In 2004, Lora and Richard Rosene had an idea: Create a way to
heat swimming pools by using an inflatable device that would act
like a magnifying glass, intensifying the sun’s rays. The
result was Solar Sun Rings, and the manufacturer grew at a rate of
230 percent annually, offering its product in five continents,
according to the Rosenes.
But trouble began in 2009, when Wal-Mart officials asked the
Rosenes to provide their product to the discount chain. The couple
declined, not wanting to destroy the relationships they had built
with the 600-odd small businesses selling Solar Sun Rings, said
Then in 2010 a product similar to Solar Sun Rings, called the
“Solar Pad,” began to appear in Wal-Mart stores. When
the Rosenes objected, Wal-Mart’s supplier made an offer to
license the Solar Sun Rings technology but, according to Lora
Rosene, they again declined. Meanwhile, sales of Solar Sun Rings
dropped as the Solar Pad has worked its way into more Wal-Mart
“We’ve lost $3 million in sales so far,” Lora
Now the Rosenes, who employ 10 people in their Temecula, Calif.
operation, have sued Wal-Mart, the world’s largest retailer,
for patent infringement.
“We spent all this money on patents and somebody comes in
and steals everything,” Lora Rosene said.
Wal-Mart, however, sees it differently. “Wal-Mart respects
the intellectual property rights of others,” stated Randy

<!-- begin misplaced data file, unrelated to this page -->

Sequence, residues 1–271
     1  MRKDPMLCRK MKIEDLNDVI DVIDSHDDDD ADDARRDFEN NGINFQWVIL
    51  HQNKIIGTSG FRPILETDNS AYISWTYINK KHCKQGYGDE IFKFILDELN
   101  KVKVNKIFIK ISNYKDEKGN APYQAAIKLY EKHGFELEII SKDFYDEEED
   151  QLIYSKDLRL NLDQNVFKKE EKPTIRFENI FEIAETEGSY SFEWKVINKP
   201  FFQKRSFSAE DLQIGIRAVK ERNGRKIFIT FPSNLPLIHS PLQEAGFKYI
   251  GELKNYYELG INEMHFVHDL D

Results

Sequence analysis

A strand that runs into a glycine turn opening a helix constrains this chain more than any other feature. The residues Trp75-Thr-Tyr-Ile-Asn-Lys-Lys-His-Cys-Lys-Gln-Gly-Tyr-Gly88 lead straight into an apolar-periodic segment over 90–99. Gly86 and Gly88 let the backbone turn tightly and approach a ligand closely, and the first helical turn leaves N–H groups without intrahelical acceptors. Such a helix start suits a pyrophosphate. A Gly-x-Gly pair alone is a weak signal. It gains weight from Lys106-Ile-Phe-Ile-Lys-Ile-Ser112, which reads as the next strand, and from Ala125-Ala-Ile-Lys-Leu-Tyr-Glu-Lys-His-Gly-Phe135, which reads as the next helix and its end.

Hargrove, a company spokesman. “Four of the five patents at
issue in the case have already been dismissed. Wal-Mart has
investigated the claims regarding the remaining patent and we are
confident in our position that the patent has not been
Yet the court may not agree. On Oct. 31, a federal district
judge rejected a motion by Wal-Mart attorneys for summary judgment,
stating that retail giant had not proven it impossible for a
purchaser to confuse the Solar Pad for the Solar Sun Rings. Another
motion for summary judgment, claiming invalidity of the Solar Sun
Rings patent, also was denied.
On Dec. 5, the Rosenes and Wal-Mart are scheduled to meet in a
Los Angeles court. At issue is whether the Solar Sun Rings qualify
for a patent, and whether Wal-Mart is violating the patent by
selling the Solar Pad.
Solar Sun Rings are made from two sheets of heavyweight vinyl; a
transparent top layer and a dark blue bottom layer, with air
trapped between. The blue layer absorbs about 50 percent of the
sun’s rays, converting that e nergy to heat. The remaining
rays get through to the pool below to provide deep-water heating.
Normally, enough Solar Sun Rings are placed on the pool to cover
about 70 percent of the water’s surface. They’re held
together by magnets on the edge of the rings.